As we wrap up this year of school, looking back on our first grade reading book list gives me all the feels. Whether you homeschool or choose an alternative learning method for your family, I believe having these books available to read will only enrich your child’s education as well as your connection with them. Ambleside Online is the main source we rely on for the bulk of our curriculum. The book list is simply phenomenal. I often learn right alongside my seven year old many things I was never taught in public school. It is a lot of fun to go back and learn new things!
While talking about our choice to homeschool, the main style we rely on often comes up in conversation. I find that not many people know what the “Charlotte Mason Philosophy” is. There are so many beautiful ways of teaching and learning that exist. You may have heard of Classical education, or perhaps Montessori and Waldorf. Unschooling seems to have also gained some traction, especially for large families. Charlotte Mason is the method we have aligned the most with. However, we also enjoy many aspects of multiple philosophies like the ones I’ve just mentioned.
Charlotte Mason…was a British educator and reformer in England at the turn of the twentieth century. She proposed to base the education of children upon a wide and liberal curriculum. She was inspired by the writings of the Bible, John Amos Comenius, Matthew Arnold and John Ruskin.Wikipedia
“We may not make character our conscious objective,” she wrote, but she believed that parents and teachers should “Provide a child with what he needs in the way of instruction, opportunity, and wholesome occupation, and his character will take care of itself: for normal children are persons of good will, with honest desires toward right thinking and right living. All we can do further is to help a child to get rid of some hindrance––a bad temper, for example––likely to spoil his life.”Wikipedia
Two key mottos taken from those principles are “Education is an atmosphere, a discipline, a life” and “Education is the science of relations.” She believed that children were born persons and should be respected as such; they should also be taught the Way of the Will and the Way of Reason. Her motto for students was “I am, I can, I ought, I will.”Wikipedia
This first grade reading book list comes from the curriculum we utilize throughout the year called Ambleside Online. It’s a (free, and so amazing) Charlotte Mason based curriculum that relies heavily on learning through reading. It also facilitates spending loads of time outside. Not an easy task in the very humid south we currently reside in. (Typing this after just coming inside from trying my best to work in our garden in July in the middle of the afternoon…I don’t recommend that.) We may not get in the minimum six hours a day mid summer, but we do our best.
Mason placed great emphasis on the reading of high-quality literature, and coined the phrase “living books” to denote those writings that “spark the imagination of the child through the subject matter.Wikipedia
Ambleside’s booklist consists of these books referenced in the quote above. “Living Books” are the books our home is filled with. High-quality literature is something I could have only dreamed of having more readily available and encouraged to dive into as a child. Some of these books are certainly tougher to read than your average picture book. If you start now, you can facilitate a love for beautiful literature that basic modern books pale to compare with. Kids are way more capable than I dared to believe at hearing stories told in various different ways from classic books and authors.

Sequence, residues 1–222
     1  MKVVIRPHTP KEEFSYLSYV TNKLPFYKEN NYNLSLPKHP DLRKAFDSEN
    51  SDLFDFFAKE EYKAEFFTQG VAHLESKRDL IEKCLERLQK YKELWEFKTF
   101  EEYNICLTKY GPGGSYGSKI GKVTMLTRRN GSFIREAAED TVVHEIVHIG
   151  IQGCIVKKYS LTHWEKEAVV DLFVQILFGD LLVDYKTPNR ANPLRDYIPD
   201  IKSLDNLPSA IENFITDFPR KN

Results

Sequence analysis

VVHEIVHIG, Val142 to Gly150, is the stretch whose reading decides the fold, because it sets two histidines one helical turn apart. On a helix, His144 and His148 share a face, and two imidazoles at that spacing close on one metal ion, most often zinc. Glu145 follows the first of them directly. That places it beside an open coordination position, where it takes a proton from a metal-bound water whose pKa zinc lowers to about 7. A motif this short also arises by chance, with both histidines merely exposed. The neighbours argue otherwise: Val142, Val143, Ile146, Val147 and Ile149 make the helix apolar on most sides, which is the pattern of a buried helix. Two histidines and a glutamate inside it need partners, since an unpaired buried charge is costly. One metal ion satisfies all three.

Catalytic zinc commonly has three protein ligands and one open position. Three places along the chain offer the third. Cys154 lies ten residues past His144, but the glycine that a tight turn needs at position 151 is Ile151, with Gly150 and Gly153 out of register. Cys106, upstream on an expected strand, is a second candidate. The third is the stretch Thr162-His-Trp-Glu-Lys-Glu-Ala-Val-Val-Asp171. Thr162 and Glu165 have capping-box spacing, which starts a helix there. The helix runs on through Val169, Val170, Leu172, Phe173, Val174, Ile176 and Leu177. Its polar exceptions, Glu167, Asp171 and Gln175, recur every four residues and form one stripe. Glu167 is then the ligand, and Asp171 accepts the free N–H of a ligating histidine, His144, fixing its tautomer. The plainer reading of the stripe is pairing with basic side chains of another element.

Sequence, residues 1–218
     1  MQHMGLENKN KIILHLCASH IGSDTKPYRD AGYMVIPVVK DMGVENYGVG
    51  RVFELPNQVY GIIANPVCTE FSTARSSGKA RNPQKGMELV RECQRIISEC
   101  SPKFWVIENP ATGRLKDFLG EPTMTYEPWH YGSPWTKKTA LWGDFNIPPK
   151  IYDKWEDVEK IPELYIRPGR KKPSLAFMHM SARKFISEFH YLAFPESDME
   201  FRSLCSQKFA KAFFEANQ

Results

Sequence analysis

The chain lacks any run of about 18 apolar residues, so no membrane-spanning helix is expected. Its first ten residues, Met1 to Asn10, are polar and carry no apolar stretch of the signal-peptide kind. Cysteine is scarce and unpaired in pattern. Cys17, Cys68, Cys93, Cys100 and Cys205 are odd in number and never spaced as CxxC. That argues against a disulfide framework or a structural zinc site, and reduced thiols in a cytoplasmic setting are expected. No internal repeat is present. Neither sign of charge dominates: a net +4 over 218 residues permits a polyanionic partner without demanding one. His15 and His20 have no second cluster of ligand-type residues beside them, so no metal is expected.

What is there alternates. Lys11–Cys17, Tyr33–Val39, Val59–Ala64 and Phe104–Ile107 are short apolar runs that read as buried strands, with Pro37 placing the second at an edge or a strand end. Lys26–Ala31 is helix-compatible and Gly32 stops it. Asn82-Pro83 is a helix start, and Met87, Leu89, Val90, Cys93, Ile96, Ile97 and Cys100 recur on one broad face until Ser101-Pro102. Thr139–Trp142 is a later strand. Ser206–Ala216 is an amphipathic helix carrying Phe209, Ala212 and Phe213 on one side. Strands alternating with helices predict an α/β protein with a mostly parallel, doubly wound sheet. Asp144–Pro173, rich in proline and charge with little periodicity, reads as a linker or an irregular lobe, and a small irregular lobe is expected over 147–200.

First Grade Reading Book List
Without further ado, here are the lists! All of the books in bold are the ones we did not get around to reading this year, or that we didn’t finish cover to cover per reading requirements.
- Charlotte’s Web by E.B. White
- King of the Golden River by John Ruskin
- Peter Pan by James M. Barrie
- Pinocchio by Carlo Collodi
- The Red Fairy Book by Andrew Lang
- St. George and the Dragon by Margaret Hodges
- The Velveteen Rabbit by Margery Williams
- Little House in the Big Woods by Laura Ingalls Wilder
- Pocahontas by Ingri D’Aulaire
History and Tales
- 50 Famous Stories Retold by James Baldwin
- Our Island Story by H.E. Marshall
- Trial and Triumph: Stories from Church History by Richard M. Hannula
- Benjamin Franklin by Ingri D’Aulaire
- George Washington by Ingri D’Aulaire
- Buffalo Bill by Ingri D’Aulaire
- The Burgess Bird Book for Children by Thornton W. Burgess
- Paddle to the Sea by Holling C. Holling
- James Herriot Treasury for Children by James Herriot
Literature and Tales
- Aesop’s Favorite Fables by Milo Winter
- Parables from Nature by Margaret Gatty
- Just So Stories by Rudyard Kipling
- The Blue Fairy Book by Andrew Lang
- Beautiful Stories from Shakespeare for Children by E. Nesbit and Arthur Rackham
- A Child’s Garden of Verses by Robert Louis Stevenson
- When We Were Very Young (Winnie-the-Pooh) by A.A. Milne and Ernest H. Shepard
- Now We Are Six (Winnie-the-Pooh) by A.A. Milne and Ernest H. Shepard
- The Oxford Book of Children’s Verse by Iona and Peter Opie
First Grade Reading with Children
It’s not always the easiest to slow down enough to read out of a stack of books each day. However, I’ve found a lot of rest in cuddling up on the couch with at least one little man in this house for his first grade reading. Sometimes there’s a 4 year old nearby, giving his best at narrating like his big brother does. He often even points out things my first grader misses. Other times my year and a half old is climbing up in the middle of it. I know this season won’t always be, so I try to enjoy it, interruptions and all.
I hope this book list will help you on your next library trip, or adds to your home library if you decide to purchase them for yourself!
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